(Part 1: [EXPLAINER] Proposed Anti-Terror Act of 2020 a devil’s playground in the hands of a despot)
In recent years, social media networks like Facebook and Twitter have become the new platform for activism. We have witnessed this the past week, when news of the deliberation of the very controversial anti-terror bill triggered a wave of online protests, from ordinary netizens to movie stars and even beauty queens, whom we used to assume were either neutral or indifferent.
In this atmosphere of surging activism, I frequently get questions from employees in the government and private sector whether it is safe for them to speak out.
The constitutional guarantee of freedom of expression applies to all persons, regardless of the nature of their employment. It must be clarified, however, that the free speech clause in the Constitution, along with the whole Bill of Rights, was intended as a limit imposed on the government, preventing it from suppressing criticisms towards it. They do not ordinarily apply to private entities, like companies, in their dealings with private individuals. That would be covered by civil and labor laws.
For private employees, speaking against the government or activism per se is not a ground for termination or disciplinary action under the Labor Code. This would mean one cannot be punished for posting something on Facebook or Twitter or showing up at rallies.
The only limitation is when the method or means by which the expression is made would be so serious as to constitute a ground for termination or disciplinary action under the Labor Code. An example would be when expressing one’s sentiments or participating in a protest action leads to the employee’s gross and habitual neglect of his duties, like absenteeism; or when, in extreme cases, the protest is carried out in a manner constituting serious misconduct.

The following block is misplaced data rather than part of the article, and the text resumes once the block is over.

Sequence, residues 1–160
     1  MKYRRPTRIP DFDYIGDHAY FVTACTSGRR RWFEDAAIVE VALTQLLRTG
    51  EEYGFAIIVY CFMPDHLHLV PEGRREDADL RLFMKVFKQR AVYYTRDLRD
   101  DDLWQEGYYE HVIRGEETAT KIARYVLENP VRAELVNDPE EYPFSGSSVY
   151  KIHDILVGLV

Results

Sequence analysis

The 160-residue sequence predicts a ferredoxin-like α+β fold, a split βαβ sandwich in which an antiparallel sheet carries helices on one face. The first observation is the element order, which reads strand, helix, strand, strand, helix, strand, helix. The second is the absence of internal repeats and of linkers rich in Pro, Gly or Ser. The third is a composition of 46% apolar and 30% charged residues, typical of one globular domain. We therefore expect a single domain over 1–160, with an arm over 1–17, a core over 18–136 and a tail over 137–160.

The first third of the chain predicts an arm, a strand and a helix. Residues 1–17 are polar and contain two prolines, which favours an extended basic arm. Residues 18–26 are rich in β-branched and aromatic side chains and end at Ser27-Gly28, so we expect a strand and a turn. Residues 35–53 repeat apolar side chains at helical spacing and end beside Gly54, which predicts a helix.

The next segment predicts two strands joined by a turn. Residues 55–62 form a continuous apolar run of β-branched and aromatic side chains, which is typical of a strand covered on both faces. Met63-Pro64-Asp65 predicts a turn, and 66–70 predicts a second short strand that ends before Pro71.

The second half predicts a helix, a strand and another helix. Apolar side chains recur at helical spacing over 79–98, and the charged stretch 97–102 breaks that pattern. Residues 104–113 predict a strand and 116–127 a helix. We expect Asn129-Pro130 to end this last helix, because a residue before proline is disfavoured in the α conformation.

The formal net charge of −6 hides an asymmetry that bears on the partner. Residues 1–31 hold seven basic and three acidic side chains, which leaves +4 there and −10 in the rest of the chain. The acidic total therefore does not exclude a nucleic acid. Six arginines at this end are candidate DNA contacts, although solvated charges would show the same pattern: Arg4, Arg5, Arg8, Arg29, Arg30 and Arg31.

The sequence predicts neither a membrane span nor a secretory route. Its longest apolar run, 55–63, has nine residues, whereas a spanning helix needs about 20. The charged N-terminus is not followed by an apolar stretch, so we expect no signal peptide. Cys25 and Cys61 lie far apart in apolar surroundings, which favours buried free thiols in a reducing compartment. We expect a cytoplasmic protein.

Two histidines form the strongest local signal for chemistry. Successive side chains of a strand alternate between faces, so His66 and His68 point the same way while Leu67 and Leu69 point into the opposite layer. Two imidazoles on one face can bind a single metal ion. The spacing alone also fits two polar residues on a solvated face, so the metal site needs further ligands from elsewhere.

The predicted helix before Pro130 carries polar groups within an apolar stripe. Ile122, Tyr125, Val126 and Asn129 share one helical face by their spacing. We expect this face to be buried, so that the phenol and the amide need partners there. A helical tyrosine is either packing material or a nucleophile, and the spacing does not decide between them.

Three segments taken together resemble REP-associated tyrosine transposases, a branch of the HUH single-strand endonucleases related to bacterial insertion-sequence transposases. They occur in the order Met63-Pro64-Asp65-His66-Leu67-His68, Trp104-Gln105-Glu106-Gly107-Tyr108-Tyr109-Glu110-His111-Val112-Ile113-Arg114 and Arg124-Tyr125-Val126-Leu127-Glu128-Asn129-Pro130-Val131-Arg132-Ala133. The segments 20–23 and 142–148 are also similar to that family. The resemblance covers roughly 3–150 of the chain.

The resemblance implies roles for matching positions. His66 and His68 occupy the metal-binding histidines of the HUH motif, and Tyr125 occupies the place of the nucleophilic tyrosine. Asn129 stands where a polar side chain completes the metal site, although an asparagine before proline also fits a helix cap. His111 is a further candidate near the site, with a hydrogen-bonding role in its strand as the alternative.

In certain instances, protests can constitute willful disobedience to the employer or company representative’s supposed “lawful” orders in connection with one’s work. If this is the case, then the burden will be on the company to prove the legality of the gag order or suppression of his employees’ right to speak out. It is also upon the employer to prove that the prohibition being imposed has a direct connection to or effect on the work being performed by the employee. Subjecting an employee to undeserved consequences would be tantamount to illegal dismissal, if it happened, and would subject the employer to damages.
It is the government employees who are in a trickier situation. Can public servants speak out against the very government that employ them?
It is worth reiterating that government employees, upon entering public service, do not leave their constitutional or basic human rights by the doorway. Thus, just like citizens employed in the private sector, they should be free to speak their mind in the manner and in the platform of their choice, their social media pages included. Bear in mind, however, that this right is not absolute.
In Davao Water District vs. Aranjuez et al. (G.R. No. 194192, June 16, 2015), the Supreme Court ruled: